Hi Vahid, What I mean to say is that any robot that is being sent to another planet requires much more analysis and design than anything that will be operating on Earth. That means each system or subsystem of the robot, right down the nuts and bolts and lines of code, gets a lot of design attention, review, and testing to make sure there are no problems and no bugs that will show up when the robot is on Mars. The Motor Control System is just one piece of the overall robot but it itself has thousands of mechanical parts, electronics pieces and lines of software that all have to work with no problems - and each of these is put under a “microscope” before launch to make sure they will all work correctly together.

  2. Montana Says:
    September 30th, 2008 at 8:05 pm

    Wow - This is a great article and I wish you luck. Sounds like quite a project.

  3. bri Says:
    October 1st, 2008 at 9:27 am

    Great post Robert. I’m really looking forward to MSL’s contributions to the recent wealth of data about Mars. That’s quite a touch down sequence. How unique is it?

    Hogg says:
    Thanks for the question bri. Well we’ve used similar landing engines in the past, like on the Viking landers. However parts of it are new or different, for example the brushless motors. One part that is entirely new and exciting is the sky crane part of the landing (where the robot is lowered on wires down to the ground). That has never been done before on Mars but similar designs have been used here on Earth many times with helicopters and such, which is where the name comes from.

  4. PDS Says:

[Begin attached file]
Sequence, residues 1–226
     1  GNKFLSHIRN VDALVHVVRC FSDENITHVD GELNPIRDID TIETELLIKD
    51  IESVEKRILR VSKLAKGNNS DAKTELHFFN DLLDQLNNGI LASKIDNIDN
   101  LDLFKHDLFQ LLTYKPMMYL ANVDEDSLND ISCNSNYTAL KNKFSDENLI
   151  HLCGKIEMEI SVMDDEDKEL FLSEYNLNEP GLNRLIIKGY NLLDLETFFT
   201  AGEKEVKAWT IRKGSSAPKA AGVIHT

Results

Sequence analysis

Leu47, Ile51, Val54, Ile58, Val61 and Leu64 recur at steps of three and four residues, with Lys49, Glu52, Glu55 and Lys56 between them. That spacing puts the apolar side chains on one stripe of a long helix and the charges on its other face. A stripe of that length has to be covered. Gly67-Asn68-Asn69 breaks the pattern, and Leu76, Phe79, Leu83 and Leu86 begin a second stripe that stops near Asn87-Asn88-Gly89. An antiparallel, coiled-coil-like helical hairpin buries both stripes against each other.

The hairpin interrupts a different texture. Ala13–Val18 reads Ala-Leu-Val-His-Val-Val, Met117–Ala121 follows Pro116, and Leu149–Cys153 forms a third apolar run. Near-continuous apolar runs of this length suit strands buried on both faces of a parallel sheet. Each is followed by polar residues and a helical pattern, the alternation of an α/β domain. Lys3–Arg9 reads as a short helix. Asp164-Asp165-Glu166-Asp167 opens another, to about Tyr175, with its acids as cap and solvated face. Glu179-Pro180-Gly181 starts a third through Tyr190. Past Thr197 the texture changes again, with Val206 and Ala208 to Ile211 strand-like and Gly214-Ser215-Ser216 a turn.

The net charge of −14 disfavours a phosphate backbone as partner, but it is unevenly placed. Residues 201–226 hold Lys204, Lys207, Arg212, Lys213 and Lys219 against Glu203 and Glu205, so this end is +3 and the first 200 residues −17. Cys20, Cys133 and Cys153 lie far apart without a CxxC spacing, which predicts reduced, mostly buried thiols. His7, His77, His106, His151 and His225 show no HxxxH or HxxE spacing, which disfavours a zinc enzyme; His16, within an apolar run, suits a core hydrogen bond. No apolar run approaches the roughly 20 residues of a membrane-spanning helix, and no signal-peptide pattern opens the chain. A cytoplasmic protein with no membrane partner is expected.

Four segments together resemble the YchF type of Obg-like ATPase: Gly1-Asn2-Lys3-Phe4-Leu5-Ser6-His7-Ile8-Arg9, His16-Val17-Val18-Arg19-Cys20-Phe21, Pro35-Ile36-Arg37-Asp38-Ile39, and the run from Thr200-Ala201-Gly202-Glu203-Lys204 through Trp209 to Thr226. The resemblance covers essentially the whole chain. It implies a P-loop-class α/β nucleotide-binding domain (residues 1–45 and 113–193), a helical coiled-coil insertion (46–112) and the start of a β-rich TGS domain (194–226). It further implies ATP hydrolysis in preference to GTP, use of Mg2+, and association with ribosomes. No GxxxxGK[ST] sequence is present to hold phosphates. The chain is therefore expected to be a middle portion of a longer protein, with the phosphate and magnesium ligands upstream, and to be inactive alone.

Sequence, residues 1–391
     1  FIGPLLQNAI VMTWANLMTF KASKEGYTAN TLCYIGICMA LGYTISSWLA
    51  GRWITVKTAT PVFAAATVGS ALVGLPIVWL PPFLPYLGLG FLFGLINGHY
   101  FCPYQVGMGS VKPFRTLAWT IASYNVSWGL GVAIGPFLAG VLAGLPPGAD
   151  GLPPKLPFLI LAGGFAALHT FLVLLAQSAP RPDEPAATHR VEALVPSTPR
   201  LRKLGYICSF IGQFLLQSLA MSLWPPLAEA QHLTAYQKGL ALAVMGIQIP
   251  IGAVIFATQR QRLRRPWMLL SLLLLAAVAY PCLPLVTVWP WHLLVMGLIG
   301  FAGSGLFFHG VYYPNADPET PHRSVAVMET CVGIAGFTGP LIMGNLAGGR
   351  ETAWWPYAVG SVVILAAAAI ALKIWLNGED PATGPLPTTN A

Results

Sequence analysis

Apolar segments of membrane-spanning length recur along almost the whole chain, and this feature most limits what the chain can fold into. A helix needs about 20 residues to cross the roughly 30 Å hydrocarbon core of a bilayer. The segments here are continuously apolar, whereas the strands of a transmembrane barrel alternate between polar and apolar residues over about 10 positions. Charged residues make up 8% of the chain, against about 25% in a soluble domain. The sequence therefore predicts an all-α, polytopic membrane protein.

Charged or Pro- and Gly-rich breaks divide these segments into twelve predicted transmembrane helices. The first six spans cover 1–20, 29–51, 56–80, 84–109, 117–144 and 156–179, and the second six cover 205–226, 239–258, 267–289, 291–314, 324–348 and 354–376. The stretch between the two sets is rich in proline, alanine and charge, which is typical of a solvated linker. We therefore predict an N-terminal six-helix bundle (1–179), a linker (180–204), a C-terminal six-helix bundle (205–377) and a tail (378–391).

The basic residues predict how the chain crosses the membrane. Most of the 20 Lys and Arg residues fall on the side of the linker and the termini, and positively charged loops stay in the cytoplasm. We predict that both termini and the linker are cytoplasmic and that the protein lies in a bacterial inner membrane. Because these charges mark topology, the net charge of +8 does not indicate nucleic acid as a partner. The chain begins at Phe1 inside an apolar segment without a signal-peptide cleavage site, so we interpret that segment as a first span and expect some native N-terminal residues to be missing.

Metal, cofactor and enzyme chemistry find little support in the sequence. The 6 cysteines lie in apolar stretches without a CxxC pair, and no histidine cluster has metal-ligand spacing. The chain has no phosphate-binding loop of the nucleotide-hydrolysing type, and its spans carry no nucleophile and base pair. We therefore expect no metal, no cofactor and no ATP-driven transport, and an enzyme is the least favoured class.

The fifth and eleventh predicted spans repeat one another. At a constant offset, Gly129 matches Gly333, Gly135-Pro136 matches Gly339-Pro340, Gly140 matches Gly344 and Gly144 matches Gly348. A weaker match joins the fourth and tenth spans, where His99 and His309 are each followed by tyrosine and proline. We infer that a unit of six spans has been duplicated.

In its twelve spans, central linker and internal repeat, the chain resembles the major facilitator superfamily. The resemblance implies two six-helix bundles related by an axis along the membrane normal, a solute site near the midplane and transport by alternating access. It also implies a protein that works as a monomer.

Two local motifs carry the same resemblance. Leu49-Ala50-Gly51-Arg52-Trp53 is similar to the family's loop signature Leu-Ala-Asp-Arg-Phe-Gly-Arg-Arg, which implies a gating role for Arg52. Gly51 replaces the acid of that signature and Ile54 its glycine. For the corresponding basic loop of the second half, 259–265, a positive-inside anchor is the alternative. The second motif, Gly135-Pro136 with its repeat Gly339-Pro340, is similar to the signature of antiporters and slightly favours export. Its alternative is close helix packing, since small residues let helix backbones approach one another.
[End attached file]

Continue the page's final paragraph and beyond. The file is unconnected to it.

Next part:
October 1st, 2008 at 12:30 pm

    WOW, great blog. I’m sure you are going to do an excellent job with the Motor Control System.

    I would be very interested in hearing from those involved in the Entry-Decent-Landing of the MSL.

    Hogg says
    No problem, see posts from my colleague, Ravi Prakash.

  5. George Morfopoulos Says:
    October 1st, 2008 at 7:34 pm

    Very Interesting! More details please. I understand that there would be special challenges to operate equipment that remotely, and in a space environment. Would you be able to post some examples and perhaps compare them to earth vehicles by comparison? Something familiar that we could use to understand the scale of the differences better?

    Hogg says
    Thanks for the question George. An example of a difference between operating in our comfortable Earth environment and the extremes of Mars is in the area of motor gearboxes. We typically use some kind of grease to keep the gears lubricated and run smoothly.
    However in the low-temperature environment of Mars (down to -50 or -90 C where we’re going) any such grease would freeze and seize up the whole assembly. so heaters have to be used to keep the warm and moving. Additionally the large temperature swings cause an unusual amount of expansion and contraction in between the gears due to the steel parts literally changing size. This causes extra play which translates up the gear train to affect the swing and control of the robot’s arm and mast, resulting in “deadbands” of control that have to be handled by the control system and software - which is a whole study and realm of testing in and of itself!

  6. Tony Procopio Says:
    October 4th, 2008 at 6:08 pm

    My incredibly talented cousin ! I am extremly proud of you and your accomplishments ! Keep pushing the boundries. They are there to be explored and developed and your just the type that will accomplish it ! Keep up the awesome work and I look forward to reading more of your trial and tribulations !

    Your Cousin


    February 23rd, 2009 at 5:08 pm

    Thanks for sharing all of knowledge with all of us!

  8. Recchia Says:
    January 14th, 2010 at 8:20 pm

    It’s so cool, thank for your post

  9. Voelker Says:
    May 20th, 2010 at 8:04 am

    Hey, this is an awesome post. I really think you should do more like this, I’ll be sure to visit your blog again to see your new stuff. Thanks.